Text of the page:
After.Life

Last night, I made a mad dash out of work to the one of three theaters in the area that had a late enough showing of After.Life for me to get to it in time. Yes, really, even though I am well aware of just how terrible the name is. Because the concept made up for it, and it’s not like it was a book where I would have to see the text over and over again. And I’m definitely glad I did. Of the two late night horror movies that I see this week, it will almost certainly have been the best, and by a wide margin.

What happens is this: after an unfortunate argument and a brutal car accident, Christina Ricci is trapped between life and death in the basement of a funeral parlor, at the hands (malevolent or beneficial? That is the central question of the plot) of funeral director Liam Neeson; and erstwhile boyfriend The Mac Guy lingers forever around the edges, possibly to lighten the dreamlike quality of the central interactions or possibly to add moderately unneeded melodrama to an otherwise extremely thoughtful film. Because that central plot-driven question is completely beside the point; it is the theme of crossing the veil between life and death that gives the film its real weight. There are certainly hints throughout the opening frames that Ricci is already dead long before any collision occurs, and as each interminable[1] day between death and burial gives way to the next, she looks ever more pale and bloodless and gothic; by the end, she is reminiscent of Wednesday Addams more surely than she has been in years. Despite all these indicators, she clings to her life with a tenacious grip that leaves Neeson ever more exasperated at her unwillingness to accept his assistance in letting go. And that tension between the pull of life and the inevitability of death drives the film along even farther than probably 20 minutes of nudity did[2], much less that potential horror plot I mentioned earlier.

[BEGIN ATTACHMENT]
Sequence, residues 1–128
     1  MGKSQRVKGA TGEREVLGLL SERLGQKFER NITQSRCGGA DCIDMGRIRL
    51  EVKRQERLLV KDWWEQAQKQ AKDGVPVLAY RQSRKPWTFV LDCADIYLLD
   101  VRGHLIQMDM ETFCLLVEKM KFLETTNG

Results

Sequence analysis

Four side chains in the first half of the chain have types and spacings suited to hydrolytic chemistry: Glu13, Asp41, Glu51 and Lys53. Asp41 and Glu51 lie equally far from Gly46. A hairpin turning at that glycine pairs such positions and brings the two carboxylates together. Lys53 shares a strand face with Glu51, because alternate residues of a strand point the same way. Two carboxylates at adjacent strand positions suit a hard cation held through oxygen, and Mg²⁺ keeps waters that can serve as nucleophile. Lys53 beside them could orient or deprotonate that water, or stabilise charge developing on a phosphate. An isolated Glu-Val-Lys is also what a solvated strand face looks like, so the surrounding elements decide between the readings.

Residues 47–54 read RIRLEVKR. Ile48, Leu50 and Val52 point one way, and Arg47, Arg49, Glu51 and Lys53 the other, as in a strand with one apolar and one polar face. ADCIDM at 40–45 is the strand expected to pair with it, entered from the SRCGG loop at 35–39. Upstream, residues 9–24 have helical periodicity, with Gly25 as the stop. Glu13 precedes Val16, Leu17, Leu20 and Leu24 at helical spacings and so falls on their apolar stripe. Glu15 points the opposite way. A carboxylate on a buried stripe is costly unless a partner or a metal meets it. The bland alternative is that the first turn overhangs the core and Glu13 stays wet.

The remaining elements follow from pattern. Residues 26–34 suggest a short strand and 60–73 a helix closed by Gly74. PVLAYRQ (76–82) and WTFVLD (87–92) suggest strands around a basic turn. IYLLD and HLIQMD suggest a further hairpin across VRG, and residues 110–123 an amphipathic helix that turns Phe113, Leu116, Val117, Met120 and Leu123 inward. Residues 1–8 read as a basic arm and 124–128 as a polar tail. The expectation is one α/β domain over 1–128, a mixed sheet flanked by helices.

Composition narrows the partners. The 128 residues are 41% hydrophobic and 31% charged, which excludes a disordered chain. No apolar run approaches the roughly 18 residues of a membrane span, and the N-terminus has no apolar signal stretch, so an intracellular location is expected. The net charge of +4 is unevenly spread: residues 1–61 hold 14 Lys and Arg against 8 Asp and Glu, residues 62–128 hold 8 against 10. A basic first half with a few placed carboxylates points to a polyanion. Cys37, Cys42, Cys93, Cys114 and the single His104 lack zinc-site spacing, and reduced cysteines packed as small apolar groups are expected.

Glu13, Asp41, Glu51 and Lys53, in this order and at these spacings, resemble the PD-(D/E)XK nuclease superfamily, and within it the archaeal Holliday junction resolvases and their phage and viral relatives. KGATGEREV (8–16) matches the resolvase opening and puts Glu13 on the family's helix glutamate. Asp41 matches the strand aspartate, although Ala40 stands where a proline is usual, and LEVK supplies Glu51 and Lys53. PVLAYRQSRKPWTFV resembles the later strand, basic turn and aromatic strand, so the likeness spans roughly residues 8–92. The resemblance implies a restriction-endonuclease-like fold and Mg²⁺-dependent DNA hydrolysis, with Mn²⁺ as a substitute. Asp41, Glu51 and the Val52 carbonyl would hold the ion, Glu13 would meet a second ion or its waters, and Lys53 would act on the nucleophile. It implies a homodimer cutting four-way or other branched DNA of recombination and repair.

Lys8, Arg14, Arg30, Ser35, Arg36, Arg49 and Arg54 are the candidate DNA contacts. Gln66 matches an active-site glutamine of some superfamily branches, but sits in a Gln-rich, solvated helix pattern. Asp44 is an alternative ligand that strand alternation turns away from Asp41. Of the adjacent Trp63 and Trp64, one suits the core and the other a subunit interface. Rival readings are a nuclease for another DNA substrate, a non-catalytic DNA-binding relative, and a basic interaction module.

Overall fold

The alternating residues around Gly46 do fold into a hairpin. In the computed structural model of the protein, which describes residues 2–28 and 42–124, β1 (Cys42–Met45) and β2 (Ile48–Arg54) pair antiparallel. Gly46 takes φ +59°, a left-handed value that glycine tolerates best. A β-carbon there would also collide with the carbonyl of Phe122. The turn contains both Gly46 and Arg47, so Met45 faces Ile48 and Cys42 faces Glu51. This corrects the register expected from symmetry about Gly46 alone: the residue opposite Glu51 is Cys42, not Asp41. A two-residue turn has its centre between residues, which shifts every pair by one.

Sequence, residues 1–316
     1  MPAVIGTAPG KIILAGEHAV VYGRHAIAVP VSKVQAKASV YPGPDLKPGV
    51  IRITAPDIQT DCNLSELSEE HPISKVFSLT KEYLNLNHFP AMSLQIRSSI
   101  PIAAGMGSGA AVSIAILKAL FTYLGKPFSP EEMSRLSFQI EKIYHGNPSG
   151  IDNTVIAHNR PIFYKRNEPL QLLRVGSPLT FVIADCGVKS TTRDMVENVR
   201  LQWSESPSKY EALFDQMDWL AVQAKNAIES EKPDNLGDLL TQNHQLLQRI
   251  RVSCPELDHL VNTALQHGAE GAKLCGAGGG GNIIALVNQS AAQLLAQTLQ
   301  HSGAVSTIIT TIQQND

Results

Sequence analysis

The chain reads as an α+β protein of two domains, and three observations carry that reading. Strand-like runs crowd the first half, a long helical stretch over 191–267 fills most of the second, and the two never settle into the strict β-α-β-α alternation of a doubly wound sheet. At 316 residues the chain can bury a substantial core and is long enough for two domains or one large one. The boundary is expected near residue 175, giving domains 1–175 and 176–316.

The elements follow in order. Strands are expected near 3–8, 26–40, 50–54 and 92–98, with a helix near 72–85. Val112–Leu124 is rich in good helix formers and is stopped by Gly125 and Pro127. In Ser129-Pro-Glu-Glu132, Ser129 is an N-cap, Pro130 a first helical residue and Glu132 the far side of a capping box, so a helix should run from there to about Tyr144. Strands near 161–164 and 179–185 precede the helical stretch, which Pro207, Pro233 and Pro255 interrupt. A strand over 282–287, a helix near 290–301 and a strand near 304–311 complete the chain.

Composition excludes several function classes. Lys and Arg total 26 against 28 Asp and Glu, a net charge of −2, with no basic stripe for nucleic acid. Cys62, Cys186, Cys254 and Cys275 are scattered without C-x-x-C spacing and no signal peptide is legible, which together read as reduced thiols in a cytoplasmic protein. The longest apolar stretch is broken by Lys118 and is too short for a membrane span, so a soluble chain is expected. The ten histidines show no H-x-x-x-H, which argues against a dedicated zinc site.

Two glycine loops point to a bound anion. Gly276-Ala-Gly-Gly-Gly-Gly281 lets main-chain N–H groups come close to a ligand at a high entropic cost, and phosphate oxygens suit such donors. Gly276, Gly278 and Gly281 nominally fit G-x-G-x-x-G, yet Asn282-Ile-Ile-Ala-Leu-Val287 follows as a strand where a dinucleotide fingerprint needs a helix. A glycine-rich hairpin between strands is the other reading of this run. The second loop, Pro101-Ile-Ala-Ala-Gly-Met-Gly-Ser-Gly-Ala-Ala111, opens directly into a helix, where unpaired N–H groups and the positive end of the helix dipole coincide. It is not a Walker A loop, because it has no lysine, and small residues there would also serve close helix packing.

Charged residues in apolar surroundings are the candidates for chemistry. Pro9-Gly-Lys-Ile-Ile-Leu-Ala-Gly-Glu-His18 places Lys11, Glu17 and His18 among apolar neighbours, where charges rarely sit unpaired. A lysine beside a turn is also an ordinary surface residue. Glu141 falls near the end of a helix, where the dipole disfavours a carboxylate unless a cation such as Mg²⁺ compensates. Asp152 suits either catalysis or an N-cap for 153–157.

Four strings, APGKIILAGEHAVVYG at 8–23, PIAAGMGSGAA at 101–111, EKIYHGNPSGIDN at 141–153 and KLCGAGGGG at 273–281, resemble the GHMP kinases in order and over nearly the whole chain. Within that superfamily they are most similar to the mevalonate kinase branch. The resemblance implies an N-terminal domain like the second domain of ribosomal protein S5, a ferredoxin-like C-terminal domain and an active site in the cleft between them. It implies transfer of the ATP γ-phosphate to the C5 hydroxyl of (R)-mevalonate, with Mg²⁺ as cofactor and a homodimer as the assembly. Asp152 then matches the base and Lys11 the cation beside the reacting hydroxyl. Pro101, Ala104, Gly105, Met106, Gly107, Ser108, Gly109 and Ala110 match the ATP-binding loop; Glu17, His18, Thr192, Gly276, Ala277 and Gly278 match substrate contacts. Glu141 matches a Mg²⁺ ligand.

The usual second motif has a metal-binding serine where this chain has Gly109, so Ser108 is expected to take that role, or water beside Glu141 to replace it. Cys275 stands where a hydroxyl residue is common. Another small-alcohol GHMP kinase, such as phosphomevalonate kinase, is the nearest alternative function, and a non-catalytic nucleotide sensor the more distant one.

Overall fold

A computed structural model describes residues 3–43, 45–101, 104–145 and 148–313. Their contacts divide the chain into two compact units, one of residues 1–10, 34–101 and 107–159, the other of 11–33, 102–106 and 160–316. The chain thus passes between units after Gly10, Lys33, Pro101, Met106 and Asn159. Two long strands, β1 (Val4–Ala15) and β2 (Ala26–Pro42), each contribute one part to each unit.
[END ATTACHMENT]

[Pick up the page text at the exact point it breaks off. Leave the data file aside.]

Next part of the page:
If I may, I think I would like to see more indie horror scripts that explore the same kinds of human questions that are usually relegated to sfnal settings. Thinking man’s horror, if it were to take off, would I’m pretty sure be the first new movie genre I’ve seen in a very, very long time.

[1] To her, that is; despite being slowly paced, nothing ever felt as though it was dragging to me.
[2] Because, yeah, if you can keep me interested in the questions you are raising while Christina Ricci is naked, you’ve probably done a pretty good job with your movie.

One thought on “After.Life

  1. Pingback: 10 Cloverfield Lane | Shards of Delirium

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